A woman and her child are barred from a supermarket that was closing its doors to ration milk products in Caracas on Nov. 15. Venezuela's President Nicolas Maduro, who was elected after the death of Hugo Chavez in March, is facing growing criticism over economic problems that include shortages of basic goods and inflation that's topped 50 percent this year.
Credit Miguel Gutierrez / EPA/Landov
Venezuelans line up outside a branch of an electronics store in Caracas on Nov. 11. President Maduro ordered electronics stores to lower their prices as a measure against inflation, causing masses of people to queue outside stores in hopes of grabbing bargains.
Originally published on Wed December 11, 2013 6:08 am
Gawker brings us this video posted on Monday of a herd of chamois goats that make a seemingly miraculous escape from an avalanche on an Alpine mountain face. It occurs in the Rhone-Alpes near Pralognan-la-Vanoise, not far from the border between France and Italy.
Originally published on Tue December 10, 2013 7:00 pm
In everyday life, a handshake is rather ordinary. But when President Obama shook hands Tuesday with Cuban leader Raul Castro at a memorial service for the late South African President Nelson Mandela, this was how it was described:
President Obama with Paul Volcker at the White House in 2009. Volcker, who headed the President's Economic Recovery Advisory Board, lent his name to a new rule aimed at curbing risk-taking on Wall Street.
Originally published on Tue December 10, 2013 8:33 pm
The Volcker rule, a centerpiece of the 2010 Dodd-Frank financial law aimed at stopping some of the risky banking practices that contributed to the economic meltdown, was approved by five key regulators on Tuesday, clearing the way for its implementation.
The U.S. Commodity Futures Trading Commission became the fifth and final body to approve the rule. The Federal Reserve and the Federal Deposit Insurance Corp. were also among the agencies that gave the green light.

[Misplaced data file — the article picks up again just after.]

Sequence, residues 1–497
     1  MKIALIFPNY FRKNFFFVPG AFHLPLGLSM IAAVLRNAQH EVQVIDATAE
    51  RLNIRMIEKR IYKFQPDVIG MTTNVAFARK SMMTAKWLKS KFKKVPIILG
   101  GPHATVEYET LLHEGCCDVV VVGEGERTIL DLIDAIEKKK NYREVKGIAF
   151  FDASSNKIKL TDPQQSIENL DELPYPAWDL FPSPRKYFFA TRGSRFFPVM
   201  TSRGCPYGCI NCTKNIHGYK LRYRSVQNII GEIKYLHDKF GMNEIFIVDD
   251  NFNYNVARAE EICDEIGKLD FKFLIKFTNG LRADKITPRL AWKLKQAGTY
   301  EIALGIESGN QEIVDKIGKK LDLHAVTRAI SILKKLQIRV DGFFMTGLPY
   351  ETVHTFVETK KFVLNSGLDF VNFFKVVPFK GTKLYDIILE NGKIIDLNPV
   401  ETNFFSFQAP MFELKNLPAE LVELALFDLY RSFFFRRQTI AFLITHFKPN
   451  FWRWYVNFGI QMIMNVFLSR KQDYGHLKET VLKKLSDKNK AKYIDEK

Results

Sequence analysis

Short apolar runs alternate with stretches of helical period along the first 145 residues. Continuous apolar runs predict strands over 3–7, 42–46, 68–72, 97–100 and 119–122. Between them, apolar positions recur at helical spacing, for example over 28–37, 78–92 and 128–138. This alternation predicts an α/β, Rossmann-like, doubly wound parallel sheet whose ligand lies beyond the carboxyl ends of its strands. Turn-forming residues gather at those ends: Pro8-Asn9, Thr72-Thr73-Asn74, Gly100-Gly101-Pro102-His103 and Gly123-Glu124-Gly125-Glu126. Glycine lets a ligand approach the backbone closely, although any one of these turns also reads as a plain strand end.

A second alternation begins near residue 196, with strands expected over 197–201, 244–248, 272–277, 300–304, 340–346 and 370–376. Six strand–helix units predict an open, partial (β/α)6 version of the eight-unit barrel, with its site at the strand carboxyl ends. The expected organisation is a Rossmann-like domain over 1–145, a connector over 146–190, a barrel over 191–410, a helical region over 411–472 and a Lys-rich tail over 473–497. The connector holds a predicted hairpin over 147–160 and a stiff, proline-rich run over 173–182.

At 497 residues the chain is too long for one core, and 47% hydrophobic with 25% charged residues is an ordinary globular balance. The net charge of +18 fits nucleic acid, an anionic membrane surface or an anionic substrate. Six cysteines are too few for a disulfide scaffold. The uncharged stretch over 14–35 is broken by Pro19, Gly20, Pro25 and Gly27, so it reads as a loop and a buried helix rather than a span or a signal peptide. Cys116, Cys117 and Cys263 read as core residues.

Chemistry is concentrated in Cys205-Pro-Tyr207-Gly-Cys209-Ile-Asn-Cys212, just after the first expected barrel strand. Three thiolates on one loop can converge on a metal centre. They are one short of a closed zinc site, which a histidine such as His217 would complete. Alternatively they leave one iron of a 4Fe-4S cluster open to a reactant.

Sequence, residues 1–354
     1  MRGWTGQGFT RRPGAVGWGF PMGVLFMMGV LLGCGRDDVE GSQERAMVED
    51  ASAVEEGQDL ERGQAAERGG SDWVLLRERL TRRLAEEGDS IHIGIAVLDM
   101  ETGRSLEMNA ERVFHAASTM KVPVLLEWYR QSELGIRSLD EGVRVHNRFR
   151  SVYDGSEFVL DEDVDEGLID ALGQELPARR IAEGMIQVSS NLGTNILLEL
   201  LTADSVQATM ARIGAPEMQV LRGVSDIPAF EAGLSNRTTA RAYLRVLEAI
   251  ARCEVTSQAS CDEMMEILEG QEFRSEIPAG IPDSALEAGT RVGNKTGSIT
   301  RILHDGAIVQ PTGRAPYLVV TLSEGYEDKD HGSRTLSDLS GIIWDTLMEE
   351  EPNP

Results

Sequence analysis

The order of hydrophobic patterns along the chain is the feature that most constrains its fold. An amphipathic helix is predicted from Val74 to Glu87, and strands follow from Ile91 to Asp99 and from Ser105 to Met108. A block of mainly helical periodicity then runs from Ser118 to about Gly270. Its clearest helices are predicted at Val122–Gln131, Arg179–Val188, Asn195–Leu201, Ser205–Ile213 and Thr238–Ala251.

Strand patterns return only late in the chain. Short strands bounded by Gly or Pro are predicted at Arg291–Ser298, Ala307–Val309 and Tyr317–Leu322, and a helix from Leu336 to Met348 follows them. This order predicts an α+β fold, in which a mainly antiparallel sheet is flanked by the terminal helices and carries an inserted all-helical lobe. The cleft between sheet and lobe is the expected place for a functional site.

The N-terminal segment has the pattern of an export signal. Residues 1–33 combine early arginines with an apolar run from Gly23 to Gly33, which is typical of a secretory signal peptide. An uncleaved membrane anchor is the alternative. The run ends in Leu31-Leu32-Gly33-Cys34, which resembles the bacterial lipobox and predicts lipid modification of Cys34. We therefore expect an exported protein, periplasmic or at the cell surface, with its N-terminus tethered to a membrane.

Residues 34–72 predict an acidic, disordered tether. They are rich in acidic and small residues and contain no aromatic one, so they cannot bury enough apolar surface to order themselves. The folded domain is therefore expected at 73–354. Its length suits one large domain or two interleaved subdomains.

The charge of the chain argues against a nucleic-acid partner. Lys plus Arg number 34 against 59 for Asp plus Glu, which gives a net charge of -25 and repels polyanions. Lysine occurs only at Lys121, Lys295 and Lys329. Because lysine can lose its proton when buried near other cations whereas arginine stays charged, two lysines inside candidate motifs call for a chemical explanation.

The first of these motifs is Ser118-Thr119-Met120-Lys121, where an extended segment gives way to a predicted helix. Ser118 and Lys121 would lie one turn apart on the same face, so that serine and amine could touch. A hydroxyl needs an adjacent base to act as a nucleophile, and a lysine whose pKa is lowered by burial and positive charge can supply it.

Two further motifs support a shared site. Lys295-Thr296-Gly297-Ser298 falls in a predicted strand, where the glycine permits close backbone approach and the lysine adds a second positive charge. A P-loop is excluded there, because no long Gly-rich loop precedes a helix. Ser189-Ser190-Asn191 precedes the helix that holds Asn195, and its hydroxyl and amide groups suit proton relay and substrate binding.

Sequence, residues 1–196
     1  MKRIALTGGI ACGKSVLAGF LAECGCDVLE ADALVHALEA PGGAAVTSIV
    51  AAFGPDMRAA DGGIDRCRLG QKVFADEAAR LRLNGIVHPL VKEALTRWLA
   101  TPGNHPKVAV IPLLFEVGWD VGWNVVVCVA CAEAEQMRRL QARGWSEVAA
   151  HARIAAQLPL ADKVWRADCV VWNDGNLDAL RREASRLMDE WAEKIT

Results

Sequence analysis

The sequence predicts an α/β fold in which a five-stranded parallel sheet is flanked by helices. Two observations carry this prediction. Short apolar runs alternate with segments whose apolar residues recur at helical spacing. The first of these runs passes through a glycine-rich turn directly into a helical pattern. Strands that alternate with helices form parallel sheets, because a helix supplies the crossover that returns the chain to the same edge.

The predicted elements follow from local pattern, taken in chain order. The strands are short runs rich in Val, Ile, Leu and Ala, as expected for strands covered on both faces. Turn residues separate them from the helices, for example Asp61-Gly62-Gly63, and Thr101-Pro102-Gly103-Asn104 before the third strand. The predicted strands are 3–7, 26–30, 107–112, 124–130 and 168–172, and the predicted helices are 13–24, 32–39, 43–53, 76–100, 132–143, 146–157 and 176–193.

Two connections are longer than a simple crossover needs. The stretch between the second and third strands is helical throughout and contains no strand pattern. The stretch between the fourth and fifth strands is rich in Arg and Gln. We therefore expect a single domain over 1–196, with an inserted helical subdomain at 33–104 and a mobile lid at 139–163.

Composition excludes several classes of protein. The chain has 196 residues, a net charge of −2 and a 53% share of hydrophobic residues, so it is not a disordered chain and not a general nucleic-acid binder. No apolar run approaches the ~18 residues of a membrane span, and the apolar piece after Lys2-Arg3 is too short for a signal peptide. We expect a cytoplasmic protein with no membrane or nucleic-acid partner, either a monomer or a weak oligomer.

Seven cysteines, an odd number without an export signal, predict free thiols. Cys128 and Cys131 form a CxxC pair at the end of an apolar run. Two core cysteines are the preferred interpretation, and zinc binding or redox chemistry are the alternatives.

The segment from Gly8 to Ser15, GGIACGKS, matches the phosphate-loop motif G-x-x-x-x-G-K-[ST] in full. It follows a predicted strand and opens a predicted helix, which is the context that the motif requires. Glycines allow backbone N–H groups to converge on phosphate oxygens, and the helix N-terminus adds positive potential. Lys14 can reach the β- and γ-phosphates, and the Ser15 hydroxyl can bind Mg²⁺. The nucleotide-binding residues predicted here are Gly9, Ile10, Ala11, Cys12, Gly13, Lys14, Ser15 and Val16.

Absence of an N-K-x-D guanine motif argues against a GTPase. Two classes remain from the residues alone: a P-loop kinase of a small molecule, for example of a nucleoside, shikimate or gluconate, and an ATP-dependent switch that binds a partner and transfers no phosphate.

This story comes to us from Harvest Public Media, a public radio reporting project that focuses on agriculture and food production issues.You can see more photos and hear more audio from the series here. Wednesday, we'll have a story from a meatpacking plant in Garden City, Kan., which takes a proactive stance toward its newest immigrants.
Precious snack: In Tolkien's books, lembas was a special bread made by elves that could stay fresh for months — perfect for sustaining travelers on a long journey (or engaging in an all-day movie marathon.) Try it for elevenses.
Credit Beth Accomando for NPR
First breakfast: Beorn's Honey Nut cake, served with orange marmalade
Credit Beth Accomando for NPR
These lavender and lemon muffins smell heavenly and will draw hobbits to the table for afternoon tea.
Originally published on Tue December 10, 2013 7:59 pm
"If more of us valued food and cheer and song above hoarded gold, it would be a merrier world." — J.R.R. Tolkien
Each year, I swear I will never do this again.
And yet, for the third year in a row, I am preparing to host a day-long Lord of the Rings movie marathon – and cooking up a seven-course hobbit-themed feast, plus dessert, to serve my guests. Maybe it's because, like Tolkien, I too would like the world to be a merrier place.
The recent, very public ouster of North Korea's Jang Song Thaek, the uncle of Kim Jong Un and formerly the country's No. 2 leader, has been noted with some concern in China, which is more or less Pyongyang's only friend in the region.
All it takes is two seconds of hearing "Round round get around / I get around" and you're there — in the sun, on the beach, in the '60s. The Beach Boys vaulted up the charts while branching out from surf music to psychedelia. This year the remaining band members released Made in California, a six-CD box set loaded with outtakes and other rarities. Critic Ed Ward examines the rise and long decline of a beloved group with a unique sound.